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N Touch
Monday 18 June 2018
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Duke: Primitive, punitive budget

BUDGET DAY PROTEST: While Finance Minister Colm Imbert was in Parliament delivering the 2018 National Budget, members of Public Services Association (PSA) engaged in a protest march outside the Parliament Tower in Port of Spain yesterday.

Tobago House of Assembly (THA) Minority Leader Watson Duke yesterday described the 2017-2018 fiscal package as primitive and punitive.

“On behalf of the people of Tobago who could not make it to Trinidad, on behalf of the Minority Council, I am here to categorise the Budget we have just heard as a primitive budget and one that is punitive,” he told reporters in a post-Budget news conference at the International Waterfront Complex.

Mr president: NATUC and PSA president interacts with members outside Parliament before the 2018 budget presentation yesterday. Photo by Sureash Cholai

During the $53 billion budget package, Finance Minister Colm Imbert announced Tobago would receive an allocation of $2.1936 billion to carry out its affairs.

He said from attempting to resolve the burdensome issues plaguing the sea bridge, legislation for internal self-government and land titles also will be tabled in the upcoming fiscal year.

Duke, however, took serious issue with the Government’s decision to increase gas and diesel prices as a revenue collection mechanism, insisting the move will further pauperise citizens.

“I use the word primitive because the budget is designed to take modern-day persons back to an era where they are forced to walk rather than drive their vehicles given the sudden rise in gas and diesel prices,” he said.

He added: “I say primitive because it forces us to eat dasheen, perhaps and plantain and all of these things and go back to planting rather than enjoy the luxury of purchasing things.

“It sends us back to the ground to plant. And nothing is wrong with that, except that after working for eight hours a day and spending about six hours in traffic, when do you get to plant? That is the challenge.

“It takes us back to a time when even the very telephone service we have we may have to put it down and go back to Klim pan.”

Duke said the budget also does not substantially address initiatives to better the lives of the average citizen or public servant.

“It does not encourage dialogue but monologue. It creates mischief rather than solve problems. It is not a good Budget. It is primitive," he said.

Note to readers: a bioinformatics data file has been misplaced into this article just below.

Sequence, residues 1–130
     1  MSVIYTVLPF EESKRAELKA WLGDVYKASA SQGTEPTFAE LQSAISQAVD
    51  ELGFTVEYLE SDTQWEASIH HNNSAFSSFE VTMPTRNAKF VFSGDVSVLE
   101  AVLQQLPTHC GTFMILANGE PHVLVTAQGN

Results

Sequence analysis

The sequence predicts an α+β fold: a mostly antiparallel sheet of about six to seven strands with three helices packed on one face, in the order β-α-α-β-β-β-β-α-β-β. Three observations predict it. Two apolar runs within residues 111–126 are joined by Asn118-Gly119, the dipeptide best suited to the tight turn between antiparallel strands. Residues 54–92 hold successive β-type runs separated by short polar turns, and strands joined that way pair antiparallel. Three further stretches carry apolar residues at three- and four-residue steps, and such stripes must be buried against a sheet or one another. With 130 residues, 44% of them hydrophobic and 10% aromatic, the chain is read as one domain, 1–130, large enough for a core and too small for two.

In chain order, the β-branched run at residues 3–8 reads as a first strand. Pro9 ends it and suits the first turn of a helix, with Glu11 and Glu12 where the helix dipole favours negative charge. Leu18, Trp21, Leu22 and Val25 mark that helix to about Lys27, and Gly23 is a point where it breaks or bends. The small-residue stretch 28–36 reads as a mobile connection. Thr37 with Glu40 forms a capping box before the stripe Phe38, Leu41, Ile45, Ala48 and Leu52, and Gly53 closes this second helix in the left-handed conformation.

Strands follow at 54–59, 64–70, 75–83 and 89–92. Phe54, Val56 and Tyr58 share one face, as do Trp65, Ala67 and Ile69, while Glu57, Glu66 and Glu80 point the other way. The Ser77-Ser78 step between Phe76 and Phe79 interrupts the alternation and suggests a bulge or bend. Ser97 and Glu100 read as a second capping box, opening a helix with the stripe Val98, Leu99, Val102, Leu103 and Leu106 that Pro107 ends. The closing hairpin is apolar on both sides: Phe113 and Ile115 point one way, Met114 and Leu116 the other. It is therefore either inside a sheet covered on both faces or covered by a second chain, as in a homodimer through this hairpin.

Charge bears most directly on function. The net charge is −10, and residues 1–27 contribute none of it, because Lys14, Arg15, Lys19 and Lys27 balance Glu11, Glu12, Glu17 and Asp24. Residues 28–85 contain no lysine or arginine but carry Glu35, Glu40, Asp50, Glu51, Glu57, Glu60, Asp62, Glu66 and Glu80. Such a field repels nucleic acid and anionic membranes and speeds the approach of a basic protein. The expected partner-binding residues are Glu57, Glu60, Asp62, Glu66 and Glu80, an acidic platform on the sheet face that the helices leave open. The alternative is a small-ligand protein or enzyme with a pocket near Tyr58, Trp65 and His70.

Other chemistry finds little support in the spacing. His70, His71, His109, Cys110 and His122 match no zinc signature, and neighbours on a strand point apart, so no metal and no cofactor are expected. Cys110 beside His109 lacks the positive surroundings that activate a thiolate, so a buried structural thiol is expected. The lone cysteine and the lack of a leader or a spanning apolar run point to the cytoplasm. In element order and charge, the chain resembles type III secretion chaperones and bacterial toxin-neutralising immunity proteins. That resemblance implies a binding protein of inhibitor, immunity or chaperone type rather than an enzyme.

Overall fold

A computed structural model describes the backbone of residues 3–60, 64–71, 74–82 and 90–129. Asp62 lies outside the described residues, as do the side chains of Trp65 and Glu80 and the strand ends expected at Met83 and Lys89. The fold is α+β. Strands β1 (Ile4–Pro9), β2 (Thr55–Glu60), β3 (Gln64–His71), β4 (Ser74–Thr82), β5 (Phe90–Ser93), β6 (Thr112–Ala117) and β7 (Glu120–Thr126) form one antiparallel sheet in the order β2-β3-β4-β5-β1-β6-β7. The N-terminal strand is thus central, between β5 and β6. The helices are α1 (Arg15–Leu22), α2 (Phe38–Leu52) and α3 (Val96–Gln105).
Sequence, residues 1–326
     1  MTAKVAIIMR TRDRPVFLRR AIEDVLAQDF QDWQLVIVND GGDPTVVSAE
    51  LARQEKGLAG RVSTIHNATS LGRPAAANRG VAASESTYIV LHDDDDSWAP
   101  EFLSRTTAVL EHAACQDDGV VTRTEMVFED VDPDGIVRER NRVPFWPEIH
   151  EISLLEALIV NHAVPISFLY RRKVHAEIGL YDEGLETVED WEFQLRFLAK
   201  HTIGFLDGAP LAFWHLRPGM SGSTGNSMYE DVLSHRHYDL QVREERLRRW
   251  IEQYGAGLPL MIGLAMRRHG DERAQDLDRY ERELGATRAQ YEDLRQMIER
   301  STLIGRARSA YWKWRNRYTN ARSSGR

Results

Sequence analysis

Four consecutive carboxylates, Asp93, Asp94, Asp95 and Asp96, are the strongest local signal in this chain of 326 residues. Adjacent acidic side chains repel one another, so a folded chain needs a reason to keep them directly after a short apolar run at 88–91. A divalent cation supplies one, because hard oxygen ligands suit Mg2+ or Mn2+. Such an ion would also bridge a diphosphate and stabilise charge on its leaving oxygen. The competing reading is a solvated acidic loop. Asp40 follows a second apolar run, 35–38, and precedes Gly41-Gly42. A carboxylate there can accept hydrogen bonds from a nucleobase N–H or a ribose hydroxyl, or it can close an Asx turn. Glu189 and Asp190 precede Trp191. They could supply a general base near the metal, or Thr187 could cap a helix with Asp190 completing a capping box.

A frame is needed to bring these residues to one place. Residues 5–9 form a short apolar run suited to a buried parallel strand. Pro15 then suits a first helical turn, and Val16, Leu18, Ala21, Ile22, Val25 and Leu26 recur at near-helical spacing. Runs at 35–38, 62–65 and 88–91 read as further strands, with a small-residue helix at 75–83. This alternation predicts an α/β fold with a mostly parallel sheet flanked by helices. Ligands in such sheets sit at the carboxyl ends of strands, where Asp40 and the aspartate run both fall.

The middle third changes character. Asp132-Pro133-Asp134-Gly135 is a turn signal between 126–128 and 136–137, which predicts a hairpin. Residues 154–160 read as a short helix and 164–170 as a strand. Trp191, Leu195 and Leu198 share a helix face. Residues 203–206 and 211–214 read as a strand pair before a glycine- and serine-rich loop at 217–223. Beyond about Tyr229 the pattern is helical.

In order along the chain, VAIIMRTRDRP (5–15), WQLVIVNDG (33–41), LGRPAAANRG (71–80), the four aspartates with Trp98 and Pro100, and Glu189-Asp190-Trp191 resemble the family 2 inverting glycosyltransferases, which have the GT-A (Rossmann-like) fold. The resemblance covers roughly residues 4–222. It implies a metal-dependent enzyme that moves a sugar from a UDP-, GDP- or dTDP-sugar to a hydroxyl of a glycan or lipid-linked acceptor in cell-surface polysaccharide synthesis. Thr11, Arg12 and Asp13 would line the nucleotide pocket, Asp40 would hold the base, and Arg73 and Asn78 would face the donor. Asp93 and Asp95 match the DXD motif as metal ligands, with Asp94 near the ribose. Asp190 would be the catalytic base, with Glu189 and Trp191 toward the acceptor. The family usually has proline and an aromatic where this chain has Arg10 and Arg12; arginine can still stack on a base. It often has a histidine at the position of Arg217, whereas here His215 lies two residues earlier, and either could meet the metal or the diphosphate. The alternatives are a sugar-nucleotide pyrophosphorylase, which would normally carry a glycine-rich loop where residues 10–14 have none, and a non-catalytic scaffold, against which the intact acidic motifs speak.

“I sat there and I asked myself, ‘Why are we being punished?’ The Finance Minister seemed to take great joy in announcing tax after tax after tax. He seems not to worry at all about the single parent or the child who wants to study,” Duke said.

THA Chief Secretary Kelvin Charles, meanwhile, welcomed initiatives to enable the Assembly to borrow money for its development agenda after having obtained an international credit rating.

“It was a welcomed announcement by the minister because we have been in conversation for some time in respect of the ability to borrow,” he said.

“Once we agree on the modalities, borrowing will be used for development programmes in terms of our capital expenditure. So, we are talking construction of roads, buildings, whether be it administration buildings, health centres. So these will be some of our priorities once we agree on the quantum and the modalities," Charles said.

Asked if the THA has identified any specific projects, he said: “We do have a development programme. So, there is a list of those programmes we would like to engage in.

“As a matter of fact some of those programmes would have been the basis for our request in the first place. So, what we would have to do is that once we agree on the numbers, we will then prioritise those programmes.”

Charles said he was pleased to hear that legislation concerning internal self-governance would be tabled in Parliament in the upcoming fiscal year.



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